Since embarking on my freelance writing career in June 2016 I’ve come across several freelance writing limiting beliefs, beliefs that if held as gospel have the danger of derailing your chances of success in the world of freelance writing.

And that’s the thing with limiting beliefs; they’re nasty little ideas that constrain us in some way or the other and stifle our ability to reach our full potential. So, in this post, I want to expose these devils and show you how to overcome them.

1. You Need a Degree

Let’s be clear on one thing: I don’t advocate not take writing courses or investing in your education. Rather I’m emphasising that having a formal education is not a prerequisite for freelance writing success, and never should be.

You don’t have to spend thousands of dollars on a degree to succeed in freelance writing. Bamidele Onibalusi is a prime example of this, and highlights the issue in a post that serves as a rebuttal to an “expert” who shares her keys to writing success.

The “expert” says, “I have a BA in English, and MFA, year’s more of classes and it still took decades to make a living”. Bamidele responds by saying, “Heck, I don’t have a BA in English. I’ve worked with hundreds of clients in the past few years, and not a single one has asked for my degree. In fact, I haven’t been freelance writing for a decade — and I do just fine. This month alone (I’m writing this knowing that today’s December 6), I’ve made more than what many average freelance writers will make this quarter, and more than what many have made the whole year.”

The important thing is to focus on the right strategies and streamline your services to ensure they’re up to scratch and in demand. The entire WriteWorlwide team can vouch for this. We followed the strategy laid out by Bamidele in his “Earn Your First $1000 as a Freelance Writer Challenge” to kickstart our freelance writing careers. It had nothing to do with having a degree.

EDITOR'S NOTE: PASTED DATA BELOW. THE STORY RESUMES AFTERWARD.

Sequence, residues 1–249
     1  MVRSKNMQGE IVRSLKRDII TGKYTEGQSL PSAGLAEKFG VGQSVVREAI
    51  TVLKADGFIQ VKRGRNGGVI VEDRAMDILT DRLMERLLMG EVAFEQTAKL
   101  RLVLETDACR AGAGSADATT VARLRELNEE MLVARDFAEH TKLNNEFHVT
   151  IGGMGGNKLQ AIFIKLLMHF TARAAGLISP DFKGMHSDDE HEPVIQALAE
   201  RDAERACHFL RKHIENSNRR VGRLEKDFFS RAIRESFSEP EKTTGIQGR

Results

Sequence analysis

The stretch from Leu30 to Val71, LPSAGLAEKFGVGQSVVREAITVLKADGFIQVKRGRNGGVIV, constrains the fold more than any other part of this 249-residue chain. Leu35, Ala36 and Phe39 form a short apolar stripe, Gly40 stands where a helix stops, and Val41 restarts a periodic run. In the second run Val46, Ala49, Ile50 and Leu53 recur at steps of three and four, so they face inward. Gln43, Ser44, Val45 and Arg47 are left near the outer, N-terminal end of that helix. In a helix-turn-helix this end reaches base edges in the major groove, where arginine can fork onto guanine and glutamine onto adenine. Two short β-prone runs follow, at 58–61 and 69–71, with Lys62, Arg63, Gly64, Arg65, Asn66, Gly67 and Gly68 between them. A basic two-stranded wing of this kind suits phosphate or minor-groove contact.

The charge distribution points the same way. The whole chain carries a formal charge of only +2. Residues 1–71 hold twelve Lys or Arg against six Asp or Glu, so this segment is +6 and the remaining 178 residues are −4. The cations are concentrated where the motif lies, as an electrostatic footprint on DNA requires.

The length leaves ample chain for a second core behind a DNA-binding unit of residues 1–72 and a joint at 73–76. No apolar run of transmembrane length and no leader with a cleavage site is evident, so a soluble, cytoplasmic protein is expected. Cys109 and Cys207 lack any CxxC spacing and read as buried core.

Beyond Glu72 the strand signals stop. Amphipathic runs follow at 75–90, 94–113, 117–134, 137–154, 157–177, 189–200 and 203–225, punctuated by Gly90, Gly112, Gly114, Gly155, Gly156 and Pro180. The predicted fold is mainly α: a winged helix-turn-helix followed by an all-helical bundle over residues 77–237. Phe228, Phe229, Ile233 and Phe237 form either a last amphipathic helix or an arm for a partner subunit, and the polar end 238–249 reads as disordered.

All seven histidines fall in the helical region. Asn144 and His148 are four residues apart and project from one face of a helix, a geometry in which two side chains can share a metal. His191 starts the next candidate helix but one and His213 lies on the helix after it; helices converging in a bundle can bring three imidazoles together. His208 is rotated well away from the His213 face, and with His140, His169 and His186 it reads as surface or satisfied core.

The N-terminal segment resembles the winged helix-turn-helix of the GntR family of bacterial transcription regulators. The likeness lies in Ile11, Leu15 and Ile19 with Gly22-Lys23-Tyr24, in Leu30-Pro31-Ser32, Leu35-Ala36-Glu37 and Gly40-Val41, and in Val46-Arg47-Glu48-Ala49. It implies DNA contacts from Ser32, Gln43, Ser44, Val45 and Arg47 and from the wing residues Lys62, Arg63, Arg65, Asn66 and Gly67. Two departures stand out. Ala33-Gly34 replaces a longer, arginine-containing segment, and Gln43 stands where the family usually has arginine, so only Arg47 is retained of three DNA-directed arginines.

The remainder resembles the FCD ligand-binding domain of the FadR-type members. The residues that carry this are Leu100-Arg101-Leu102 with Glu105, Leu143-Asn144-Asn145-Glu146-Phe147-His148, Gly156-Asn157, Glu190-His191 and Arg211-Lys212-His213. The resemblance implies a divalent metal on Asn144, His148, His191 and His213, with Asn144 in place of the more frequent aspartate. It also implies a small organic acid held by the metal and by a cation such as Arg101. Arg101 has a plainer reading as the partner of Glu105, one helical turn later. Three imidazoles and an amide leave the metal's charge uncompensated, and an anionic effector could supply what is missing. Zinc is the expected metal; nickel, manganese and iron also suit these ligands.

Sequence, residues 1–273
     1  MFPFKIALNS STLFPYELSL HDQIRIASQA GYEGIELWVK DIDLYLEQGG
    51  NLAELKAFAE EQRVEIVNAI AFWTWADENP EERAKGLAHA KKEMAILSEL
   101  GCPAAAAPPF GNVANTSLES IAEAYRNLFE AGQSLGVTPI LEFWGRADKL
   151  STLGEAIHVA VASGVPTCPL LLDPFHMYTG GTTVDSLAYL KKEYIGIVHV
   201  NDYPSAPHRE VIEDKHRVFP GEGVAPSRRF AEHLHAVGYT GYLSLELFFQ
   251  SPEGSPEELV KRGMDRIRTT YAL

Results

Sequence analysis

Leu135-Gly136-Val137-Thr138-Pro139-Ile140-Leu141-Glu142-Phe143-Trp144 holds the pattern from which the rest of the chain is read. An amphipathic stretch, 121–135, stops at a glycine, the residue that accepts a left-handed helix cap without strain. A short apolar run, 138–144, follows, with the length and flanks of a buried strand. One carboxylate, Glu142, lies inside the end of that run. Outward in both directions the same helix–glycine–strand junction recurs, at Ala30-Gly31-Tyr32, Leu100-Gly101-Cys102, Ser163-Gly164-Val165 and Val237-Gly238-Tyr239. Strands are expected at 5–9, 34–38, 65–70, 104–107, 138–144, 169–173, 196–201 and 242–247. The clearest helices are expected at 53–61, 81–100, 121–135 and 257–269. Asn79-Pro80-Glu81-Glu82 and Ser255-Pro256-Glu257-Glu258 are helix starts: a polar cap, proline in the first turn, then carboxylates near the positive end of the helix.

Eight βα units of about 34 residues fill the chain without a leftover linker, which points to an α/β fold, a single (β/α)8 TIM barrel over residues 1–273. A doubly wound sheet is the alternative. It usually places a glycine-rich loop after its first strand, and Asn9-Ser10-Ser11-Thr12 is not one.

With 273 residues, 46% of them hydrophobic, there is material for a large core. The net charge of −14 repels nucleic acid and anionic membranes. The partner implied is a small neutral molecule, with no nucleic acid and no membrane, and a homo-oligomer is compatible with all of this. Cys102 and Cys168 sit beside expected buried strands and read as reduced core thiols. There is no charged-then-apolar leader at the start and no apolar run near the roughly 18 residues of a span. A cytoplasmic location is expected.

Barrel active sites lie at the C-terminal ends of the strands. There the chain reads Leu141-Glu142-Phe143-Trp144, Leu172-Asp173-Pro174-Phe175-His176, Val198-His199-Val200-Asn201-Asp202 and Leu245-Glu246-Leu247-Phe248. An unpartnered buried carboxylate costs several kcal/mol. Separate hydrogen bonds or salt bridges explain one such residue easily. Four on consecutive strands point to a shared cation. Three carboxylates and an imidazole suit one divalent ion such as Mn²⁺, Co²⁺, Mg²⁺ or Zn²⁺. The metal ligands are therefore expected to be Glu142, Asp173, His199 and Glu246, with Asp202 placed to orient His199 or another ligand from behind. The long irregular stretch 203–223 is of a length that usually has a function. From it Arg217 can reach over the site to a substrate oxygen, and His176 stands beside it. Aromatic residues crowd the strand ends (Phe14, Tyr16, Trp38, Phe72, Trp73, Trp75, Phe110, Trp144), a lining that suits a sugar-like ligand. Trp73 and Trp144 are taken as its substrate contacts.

2. You Won’t Make a Living Freelance Writing

Now, this is one of the freelance writing limiting beliefs that can be very damaging. Even more damaging when an expert tells you it’s the case. Again, the “expert” I mentioned earlier says that “Most writers don’t [make a living writing].” This is false. Richard, Yassir, Ciaran, and I are all proof of that.

Hell, I checked my freelance writing income since I started doing it full time and I’m making a comfortable living. In the last month alone I’ve earned what some people take two months or more to earn. So, let’s be clear, you can make money freelance writing and you can earn well – very, very well, in fact.

3. There’s too Much Competition to Succeed

Freelance writing is highly competitive, there’s no doubt about it. But, it’s not too competitive for you to succeed. Again if you’re following the right people, and implementing the right strategies to land clients, you will succeed.

A great place to start is by building your foundation as a freelance writer and creating social proof. Use that with a killer cold-pitching strategy and who knows, you could be earning as much as $5000/month, something Jorden Roper achieved within 4 months of being fired from her job.

4. You Need to Pick a Niche to Start

Many beginner freelance writers pick a niche when they’re starting. And why not right? If you look online it’s what everyone advocates, and with good reason: you will command higher rates.

What all these people seem to forget is that it’s difficult to pick a niche when you’re entering the freelance writing game. I mean, you’re starting so you’re not even sure what you want to write about. Secondly, such specialisation seems to ignore the nature of the person.

For many, like myself, sticking to one niche is difficult. Because I’m a multipotentialite I enjoy writing about a range of topics and sticking to a niche is too limiting for me.

Such is this dreaded disease about picking a niche that you have people telling you they want to spend a few years learning about their niche before they’re comfortable writing about it for clients.